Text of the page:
Why does this matter? Many customers could be using your products or services at high altitudes or in bad weather, for example. They would run the risk of losing a signal as well as being exposed to heat, cold, wind, rain, ice, and snow. So, are your products well protected from internal and external hazards, such as fast temperature changes, moisture, jarring, glare, electrical shorting, electromagnetic interference, or sudden battery failure? These are some of the many challenges to anticipate when designing for fool-proof operation in the situations where people would need it most!
5. If your product or service fails in a remote or off-hours situation, how easily and quickly can a user recover?
Ponder what could happen if people tried to use your wares in risky or incomplete states under off-hours or remote conditions. If your products were damaged or your systems malfunctioned, would they be able to communicate clearly and meaningfully what to do next?
Why does this matter? Here are two examples:
1) Many critical building, machine, and system maintenance operations occur on weekends or during night shifts when employees are gone and technical support is not necessarily accessible. If something goes wrong, there might not be any human guidance available to help. What happens then, especially if there’s only a short window of time allowed for completing a crucial operation?
2) Customers can become isolated or stranded outside of reception or transmission range. In those cases, what kinds of backup features in your products would take over and guide users through what they can safely do next? By taking all possible factors into account, you can make sure your customers avoid everything from minor annoyances to life-threatening outcomes.
Category 2: Evaluation and Testing
6. How rigorously do you test your products to see whether they work the way they’re supposed to?
Your hard-won reputation can take a downward turn if your products and services don’t function exactly the way you and your customers expect.
Conversely, by rigorously testing and striving to remove all possible defects in advance, you’ll reinforce your customers’ faith in — and their passion for — what you offer!
Why does this matter? Along with a robust design, methodical testing is one of the most effective ways to ensure that your wares behave and respond precisely the way they should. Too many companies leave out testing, or wait until the very last minute to think about it. But whenever testing is crunched or bypassed for any reason, it leads to anything from consumer annoyances to financial losses, accidents, and injuries — and exposes a company to litigation. These outcomes are far more expensive to remedy than simply conducting proper testing in the first place!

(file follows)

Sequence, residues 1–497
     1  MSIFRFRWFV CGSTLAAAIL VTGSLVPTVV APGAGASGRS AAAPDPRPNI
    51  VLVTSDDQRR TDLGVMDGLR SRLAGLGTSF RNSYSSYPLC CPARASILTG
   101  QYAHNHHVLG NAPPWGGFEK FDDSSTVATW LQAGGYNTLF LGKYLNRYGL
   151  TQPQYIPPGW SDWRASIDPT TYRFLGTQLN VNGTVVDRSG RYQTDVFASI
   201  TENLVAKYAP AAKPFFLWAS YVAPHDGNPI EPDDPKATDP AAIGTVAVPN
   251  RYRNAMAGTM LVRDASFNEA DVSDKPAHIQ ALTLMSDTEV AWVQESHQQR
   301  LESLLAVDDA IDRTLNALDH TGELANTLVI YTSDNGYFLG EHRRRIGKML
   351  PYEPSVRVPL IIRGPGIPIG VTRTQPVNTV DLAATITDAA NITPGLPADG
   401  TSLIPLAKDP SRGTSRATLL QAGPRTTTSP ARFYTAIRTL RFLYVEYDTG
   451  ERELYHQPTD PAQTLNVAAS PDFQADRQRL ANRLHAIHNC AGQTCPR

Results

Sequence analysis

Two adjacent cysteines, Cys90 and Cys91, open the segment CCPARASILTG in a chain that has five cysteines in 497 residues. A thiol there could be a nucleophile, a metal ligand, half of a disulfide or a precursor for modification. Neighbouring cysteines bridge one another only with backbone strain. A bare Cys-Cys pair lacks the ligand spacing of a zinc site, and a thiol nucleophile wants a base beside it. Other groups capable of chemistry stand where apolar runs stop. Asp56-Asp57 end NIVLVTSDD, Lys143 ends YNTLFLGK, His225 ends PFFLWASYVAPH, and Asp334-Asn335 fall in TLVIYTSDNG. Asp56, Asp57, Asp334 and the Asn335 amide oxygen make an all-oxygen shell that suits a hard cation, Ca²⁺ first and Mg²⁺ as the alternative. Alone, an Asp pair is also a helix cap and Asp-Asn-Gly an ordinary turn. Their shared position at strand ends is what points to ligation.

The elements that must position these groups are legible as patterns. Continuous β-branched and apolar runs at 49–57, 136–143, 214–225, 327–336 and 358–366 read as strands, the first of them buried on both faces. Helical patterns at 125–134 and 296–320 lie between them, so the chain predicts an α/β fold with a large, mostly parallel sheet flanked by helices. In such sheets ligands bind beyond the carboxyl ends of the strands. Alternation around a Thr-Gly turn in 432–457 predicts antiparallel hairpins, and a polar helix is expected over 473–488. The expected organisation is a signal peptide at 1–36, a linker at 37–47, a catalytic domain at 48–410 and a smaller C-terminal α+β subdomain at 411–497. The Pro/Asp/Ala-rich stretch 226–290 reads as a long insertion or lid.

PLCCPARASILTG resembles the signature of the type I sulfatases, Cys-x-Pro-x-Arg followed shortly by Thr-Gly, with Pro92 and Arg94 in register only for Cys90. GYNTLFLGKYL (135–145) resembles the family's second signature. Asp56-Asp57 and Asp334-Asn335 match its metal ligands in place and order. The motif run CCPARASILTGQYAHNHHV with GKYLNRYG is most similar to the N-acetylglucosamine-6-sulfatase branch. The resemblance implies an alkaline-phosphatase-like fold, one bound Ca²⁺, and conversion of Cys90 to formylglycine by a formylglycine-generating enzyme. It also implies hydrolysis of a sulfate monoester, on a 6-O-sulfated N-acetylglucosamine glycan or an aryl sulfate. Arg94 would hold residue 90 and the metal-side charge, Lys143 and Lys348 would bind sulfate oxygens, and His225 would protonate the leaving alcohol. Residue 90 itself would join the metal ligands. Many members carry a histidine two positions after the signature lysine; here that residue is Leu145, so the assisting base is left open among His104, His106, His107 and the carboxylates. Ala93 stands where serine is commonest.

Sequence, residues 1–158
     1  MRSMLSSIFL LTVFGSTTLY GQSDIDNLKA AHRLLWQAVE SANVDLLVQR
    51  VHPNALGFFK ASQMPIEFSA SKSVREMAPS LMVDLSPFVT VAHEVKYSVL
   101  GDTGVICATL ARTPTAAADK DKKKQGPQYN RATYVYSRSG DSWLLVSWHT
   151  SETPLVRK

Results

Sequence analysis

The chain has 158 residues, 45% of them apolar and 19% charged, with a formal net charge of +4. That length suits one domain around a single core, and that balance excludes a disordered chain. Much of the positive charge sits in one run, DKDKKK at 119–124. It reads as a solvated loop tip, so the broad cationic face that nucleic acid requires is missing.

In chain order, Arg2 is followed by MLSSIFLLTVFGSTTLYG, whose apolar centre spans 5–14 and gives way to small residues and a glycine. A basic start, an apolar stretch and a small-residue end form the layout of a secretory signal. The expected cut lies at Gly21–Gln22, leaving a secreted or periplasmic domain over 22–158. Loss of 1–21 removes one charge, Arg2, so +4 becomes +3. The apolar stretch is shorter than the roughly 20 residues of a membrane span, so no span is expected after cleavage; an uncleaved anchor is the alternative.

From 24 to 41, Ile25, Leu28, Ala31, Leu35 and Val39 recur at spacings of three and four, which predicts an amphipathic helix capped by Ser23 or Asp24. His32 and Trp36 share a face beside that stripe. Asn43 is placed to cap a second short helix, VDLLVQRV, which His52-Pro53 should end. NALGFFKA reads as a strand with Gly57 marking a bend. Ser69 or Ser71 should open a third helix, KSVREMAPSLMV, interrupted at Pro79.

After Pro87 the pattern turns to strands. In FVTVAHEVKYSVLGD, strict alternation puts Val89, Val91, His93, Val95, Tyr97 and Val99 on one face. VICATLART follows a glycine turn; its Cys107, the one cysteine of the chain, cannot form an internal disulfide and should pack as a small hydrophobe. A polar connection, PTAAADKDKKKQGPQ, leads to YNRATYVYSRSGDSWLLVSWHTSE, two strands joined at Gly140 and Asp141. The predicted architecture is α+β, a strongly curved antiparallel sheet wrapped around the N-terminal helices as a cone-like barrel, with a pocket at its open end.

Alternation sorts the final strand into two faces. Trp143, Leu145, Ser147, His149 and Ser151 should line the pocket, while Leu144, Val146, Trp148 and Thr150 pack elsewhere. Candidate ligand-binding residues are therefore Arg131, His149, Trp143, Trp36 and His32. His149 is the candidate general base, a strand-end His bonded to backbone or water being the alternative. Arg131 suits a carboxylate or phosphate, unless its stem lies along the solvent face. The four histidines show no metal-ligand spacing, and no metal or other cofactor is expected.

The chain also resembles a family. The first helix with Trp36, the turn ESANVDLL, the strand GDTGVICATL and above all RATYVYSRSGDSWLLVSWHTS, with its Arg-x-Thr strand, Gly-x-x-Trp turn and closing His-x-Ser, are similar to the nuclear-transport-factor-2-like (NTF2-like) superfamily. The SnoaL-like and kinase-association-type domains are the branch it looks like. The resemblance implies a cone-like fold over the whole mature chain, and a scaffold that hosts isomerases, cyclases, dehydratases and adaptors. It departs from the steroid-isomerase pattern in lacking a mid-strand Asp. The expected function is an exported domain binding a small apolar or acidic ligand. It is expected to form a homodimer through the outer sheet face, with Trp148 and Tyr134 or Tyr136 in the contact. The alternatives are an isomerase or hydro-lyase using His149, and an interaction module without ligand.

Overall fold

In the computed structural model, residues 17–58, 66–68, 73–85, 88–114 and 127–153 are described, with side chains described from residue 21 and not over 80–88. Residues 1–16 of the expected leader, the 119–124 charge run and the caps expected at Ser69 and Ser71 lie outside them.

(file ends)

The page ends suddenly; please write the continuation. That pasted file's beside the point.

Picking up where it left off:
7. How closely do you monitor the variation in your product and service quality?
Variation means the extent to which errors, defects, or other inconsistencies emerge in your products, systems, or services.
To ensure smooth, consistent product operation, for example, you’ll want to ensure that every item you produce conforms as tightly as possible to the ideal — as close to perfection as it can be.
In so doing, you’ll make it far less likely that even the tiniest quality gaps will sneak in and produce annoying, aggravating, or catastrophic ripple effects!
Why does this matter? With products, manufactured items should be rolling off the assembly line to meet very precise standards. That means aiming for 100% compliance with specifications, and zero variation between the articles produced.
With services, it may mean having service reps closely follow a script for routine customer interactions, or use general guidelines to make more complex decisions. But either way, their goal is to effectively apply a set of uniform standards when assisting customers. Thus, controlling variation helps ensure the highest possible quality and customer satisfaction — which will keep your clients and customers coming back for more!
In conclusion, by systematically weighing considerations like these in your product and service design, development, and testing, you’ll be certain to attract the kind of audience loyalty that you deserve, and maintain it well into the future. Stay tuned for Part 2 to find out the additional things you can do!
Copyright 2017 Adele Sommers